Finding The Right Spectacles For Me: Anthony Lee
Wearing glasses for a person like me is kind of like wearing shoes, except rather than putting them on when I leave the house; they’re on my face from the moment I wake up.
'I was never really comfortable with my frames, my mum would always tell me I looked nice, but then again, that’s my mum.'
I used to absolutely despise the fact that I had bad eyesight; in fact it didn’t really change until I reached college. I tried and tried to get away with not wearing them. Let’s just say it made for some very awkward interactions of mistaken identity. Anyway... I was never really comfortable with my frames, my mum would always tell me I looked nice, but then again, that’s my mum. To her I always look nice. And looking back now, I didn’t really start to “own” wearing glasses until I got my first pair of Ray Bans. They were large, tortoiseshell and kind of square, let’s just say I was going for ‘trendy nerd’. They actually stuck with me for the following years, I guess when you find something that fits your face and you get used to seeing yourself in reflections like that, it feels weird to change it. It’s actually amazing how a pair of frames can change your facial features.
Anyway, my change in frames coincided with when I began to get more into my fashion as well as discovering more about the stories behind my favourite brands. My Ray Ban’s were great yes, but I was looking for a pair that could really define me as a person. When you wear glasses your frames become kind of an extension of you, even more so than the clothes you wear.
'For something that you'll be wearing 100% on a daily basis, there is no price for being comfortable and secure. That’s where MONC come in.'
To me, comfort is key. Anyone who’s read my blog knows that comfort is a recurring theme, and the same goes for my eyewear. I believe that comfort and quality are two of the most important factors, especially when it comes to your eyewear. For something that you'll be wearing 100% on a daily basis, there is no price for being comfortable and secure. That’s where MONC come in.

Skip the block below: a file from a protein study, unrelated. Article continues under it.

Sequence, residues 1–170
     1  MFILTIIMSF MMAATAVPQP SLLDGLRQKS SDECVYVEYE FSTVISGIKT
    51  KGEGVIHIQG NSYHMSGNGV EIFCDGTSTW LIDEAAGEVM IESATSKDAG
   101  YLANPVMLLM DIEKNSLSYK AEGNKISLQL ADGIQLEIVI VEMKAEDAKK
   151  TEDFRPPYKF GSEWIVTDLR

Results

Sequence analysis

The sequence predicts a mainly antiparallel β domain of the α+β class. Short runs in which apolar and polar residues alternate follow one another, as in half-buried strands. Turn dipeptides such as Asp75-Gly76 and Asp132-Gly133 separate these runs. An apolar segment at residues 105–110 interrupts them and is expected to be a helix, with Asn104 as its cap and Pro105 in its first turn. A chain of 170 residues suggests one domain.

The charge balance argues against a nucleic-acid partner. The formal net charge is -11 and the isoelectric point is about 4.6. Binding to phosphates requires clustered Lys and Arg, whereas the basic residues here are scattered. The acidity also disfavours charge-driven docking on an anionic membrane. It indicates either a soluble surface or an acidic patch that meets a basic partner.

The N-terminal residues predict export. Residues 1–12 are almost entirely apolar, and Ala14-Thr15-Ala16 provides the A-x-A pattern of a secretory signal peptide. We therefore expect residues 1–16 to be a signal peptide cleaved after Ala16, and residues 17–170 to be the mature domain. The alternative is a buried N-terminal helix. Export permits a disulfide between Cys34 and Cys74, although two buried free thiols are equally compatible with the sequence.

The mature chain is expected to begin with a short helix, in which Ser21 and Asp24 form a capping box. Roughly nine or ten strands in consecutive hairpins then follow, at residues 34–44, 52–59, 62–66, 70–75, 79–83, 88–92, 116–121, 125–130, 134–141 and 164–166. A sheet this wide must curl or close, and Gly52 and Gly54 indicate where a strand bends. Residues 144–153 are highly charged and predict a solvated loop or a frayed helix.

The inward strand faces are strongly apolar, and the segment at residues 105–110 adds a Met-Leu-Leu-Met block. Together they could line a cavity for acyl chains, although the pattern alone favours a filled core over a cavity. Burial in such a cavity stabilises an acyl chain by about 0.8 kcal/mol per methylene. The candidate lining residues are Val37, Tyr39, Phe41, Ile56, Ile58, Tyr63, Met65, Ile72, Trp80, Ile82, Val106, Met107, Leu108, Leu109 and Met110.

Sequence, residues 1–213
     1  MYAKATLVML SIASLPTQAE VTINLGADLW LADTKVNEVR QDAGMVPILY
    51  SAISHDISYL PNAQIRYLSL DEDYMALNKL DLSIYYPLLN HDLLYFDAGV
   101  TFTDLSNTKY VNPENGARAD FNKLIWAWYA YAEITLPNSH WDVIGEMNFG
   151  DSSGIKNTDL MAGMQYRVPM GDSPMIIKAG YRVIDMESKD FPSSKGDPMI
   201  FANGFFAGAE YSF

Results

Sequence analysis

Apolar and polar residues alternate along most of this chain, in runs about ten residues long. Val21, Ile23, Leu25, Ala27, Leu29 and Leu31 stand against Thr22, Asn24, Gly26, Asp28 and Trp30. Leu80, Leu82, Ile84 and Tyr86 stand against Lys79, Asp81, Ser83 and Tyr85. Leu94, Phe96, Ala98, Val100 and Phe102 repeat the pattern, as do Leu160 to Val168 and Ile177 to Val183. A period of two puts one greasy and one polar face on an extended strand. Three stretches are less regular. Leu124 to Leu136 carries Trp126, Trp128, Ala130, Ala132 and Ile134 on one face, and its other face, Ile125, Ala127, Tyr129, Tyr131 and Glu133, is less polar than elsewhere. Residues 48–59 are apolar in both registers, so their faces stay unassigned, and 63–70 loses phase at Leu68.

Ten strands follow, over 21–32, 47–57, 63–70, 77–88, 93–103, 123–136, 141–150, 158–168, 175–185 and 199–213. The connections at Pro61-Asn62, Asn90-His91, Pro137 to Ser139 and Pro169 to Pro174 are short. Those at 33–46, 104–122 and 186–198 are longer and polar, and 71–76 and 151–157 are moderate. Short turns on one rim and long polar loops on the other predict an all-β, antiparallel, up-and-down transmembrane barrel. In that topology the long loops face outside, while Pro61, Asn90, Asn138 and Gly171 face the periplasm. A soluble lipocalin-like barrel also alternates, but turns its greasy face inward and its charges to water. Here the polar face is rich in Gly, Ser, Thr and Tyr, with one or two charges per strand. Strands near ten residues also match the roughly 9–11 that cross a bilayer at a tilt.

My MONC frames have ticked all the boxes in terms of my style and ethics. I wear their Kallio frames in a dark tortoise. Their rounded lenses suit my eyes and face perfectly both for size and proportion. But what I love most is the subtle details at the top of the frames. Rather than just completely rounding off or going straight they’ve incorporated a much sharper structured look that actually really compliments the soft, rounded lower part of the glasses. The entire frame is sourced and handmade in Italy, and you can really see and feel the quality and sturdiness. These aren’t snapping any time soon! One of my main concerns when wearing glasses is the fact that if you fall or knock your face, that could be it. Not everyone has a back up on hand. So you really need to be investing into these things.
With the industry in its current state I’m finding it more and more important to support the little guys, as opposed to mega-corporations. With the smaller independent boutiques you’re guaranteed to find a better sense of quality and traceability, and generally just a much more personal experience with the brand. It actually feels good to know where exactly you are investing. MONC believes in transparent manufacturing, and I think that this is so important. China is leading the way in terms of production but not always quality. With each frame being handmade in Italy by a family run business, you’re getting a bit of heritage with your frames as well.
Being a glasses wearer is pretty tough sometimes. Not so much a disadvantage but when you’re looking for the right pair of frames, you can get really stuck. Again it all feeds back to the comfort and fit of the frames to your face. MONC actually has a small guide on recommending frames for different face shapes, super helpful when buying online. But when you find the right pair and you put them on for the first time; a - you can see yourself but b - you can actually see YOU, and that’s what MONC is all about.
CREDITS: Photography and words by Anthony Lee.